I woke humbled with commitment and duty to keep going even when too tired, to offer care even when rejected. to keep striving even if impeded.
Doing that work, I learned that obstacles will slow but cannot stop the cascade of love and hope over the rocks of life.
My days overflow with the uncertainty of what comes next: finding my real work is to wade in deep, tumbling over the barriers and still keep singing.
Simply keep singing.
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My great grandfather had some fields in North Carolina and he willed those fields to his sons and his sons willed them to their sons so there is a two-hundred-year-old farm house on that land where several generations of my family fried chicken and laughed and hung
their laundry beneath the trees. There are things you know when your family has lived close to the earth: things that make magic seem likely. Dig a hole on the new of the moon and you will have dirt to throw away but dig one on the old of the moon and you won’t have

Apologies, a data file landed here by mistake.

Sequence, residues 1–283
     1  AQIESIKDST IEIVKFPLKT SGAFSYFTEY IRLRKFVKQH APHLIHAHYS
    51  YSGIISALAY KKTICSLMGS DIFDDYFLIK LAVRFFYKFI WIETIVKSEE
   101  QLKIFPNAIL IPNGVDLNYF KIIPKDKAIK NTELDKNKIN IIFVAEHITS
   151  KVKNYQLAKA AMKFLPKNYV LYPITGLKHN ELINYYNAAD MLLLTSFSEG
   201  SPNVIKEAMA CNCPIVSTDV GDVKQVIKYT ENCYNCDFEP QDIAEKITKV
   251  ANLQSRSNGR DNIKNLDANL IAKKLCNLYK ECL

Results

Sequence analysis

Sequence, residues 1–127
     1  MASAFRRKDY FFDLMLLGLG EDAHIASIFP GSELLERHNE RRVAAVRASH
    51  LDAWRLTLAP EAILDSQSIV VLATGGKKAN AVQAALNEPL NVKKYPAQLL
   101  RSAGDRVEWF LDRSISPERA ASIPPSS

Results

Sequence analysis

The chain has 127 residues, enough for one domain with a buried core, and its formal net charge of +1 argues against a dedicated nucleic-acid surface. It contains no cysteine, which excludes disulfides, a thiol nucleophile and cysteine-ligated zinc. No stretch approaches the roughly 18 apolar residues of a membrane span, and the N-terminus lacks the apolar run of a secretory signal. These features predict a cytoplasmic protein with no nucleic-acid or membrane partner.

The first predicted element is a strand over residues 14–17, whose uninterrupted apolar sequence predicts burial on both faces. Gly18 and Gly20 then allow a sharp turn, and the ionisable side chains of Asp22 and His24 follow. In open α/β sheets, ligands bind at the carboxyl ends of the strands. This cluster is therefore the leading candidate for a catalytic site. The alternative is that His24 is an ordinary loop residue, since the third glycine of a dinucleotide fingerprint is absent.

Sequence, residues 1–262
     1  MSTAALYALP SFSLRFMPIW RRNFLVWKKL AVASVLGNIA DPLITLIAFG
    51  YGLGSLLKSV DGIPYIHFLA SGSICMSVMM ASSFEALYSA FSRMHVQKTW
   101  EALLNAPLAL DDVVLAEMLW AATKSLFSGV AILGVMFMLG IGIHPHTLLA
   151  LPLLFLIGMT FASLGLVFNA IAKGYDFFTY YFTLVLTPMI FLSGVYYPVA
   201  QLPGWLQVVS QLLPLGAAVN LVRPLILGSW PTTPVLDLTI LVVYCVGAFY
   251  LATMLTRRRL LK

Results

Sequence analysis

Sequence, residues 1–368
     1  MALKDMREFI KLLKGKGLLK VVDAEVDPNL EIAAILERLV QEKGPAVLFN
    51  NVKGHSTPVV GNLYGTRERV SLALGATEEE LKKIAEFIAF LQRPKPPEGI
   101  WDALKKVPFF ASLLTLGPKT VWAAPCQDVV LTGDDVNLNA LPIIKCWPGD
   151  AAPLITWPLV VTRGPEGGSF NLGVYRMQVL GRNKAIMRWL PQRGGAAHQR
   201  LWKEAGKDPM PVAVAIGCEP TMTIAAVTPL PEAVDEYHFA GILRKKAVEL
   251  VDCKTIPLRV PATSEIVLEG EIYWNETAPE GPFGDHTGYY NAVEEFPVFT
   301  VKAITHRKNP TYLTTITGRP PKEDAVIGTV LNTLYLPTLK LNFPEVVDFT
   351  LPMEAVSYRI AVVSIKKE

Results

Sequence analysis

enough to fill it back up again: I learned this trick in the backyard of childhood with my hands. If you know the way the moon pulls at everything then you can feel it on the streets of a city where you cannot see the sky.
I may walk the streets of this century and make my living in an office but my blood is old farming blood and my true self is underground like a potato.
I have taken root in my grandfather’s fields: I am hanging my laundry beneath his trees. ~Faith Shearin from “Fields”
It just isn’t possible to completely take me off the farm – I have generations of farmers extending back on both sides of my family, so I have dug myself a hole here, resting easy in the soil like a potato and ventured out only as I needed to in order to actually make a living.
A gathering of all my vaccinated clinic colleagues came to our farm yesterday to help me celebrate my retiring from office life. They brought beautiful flowers, plentiful food, kind and restoring words, thirty year old photos and lovely parting gifts, as well as my singing doctor buddy sharing a sea shanty about bittersweet parting. It is helping ease my sorrow at leaving regular doctoring behind, knowing there are more days to come, more time to grow things in the ground, more blissing out over sunrises and sunsets and more hanging laundry on the clothesline.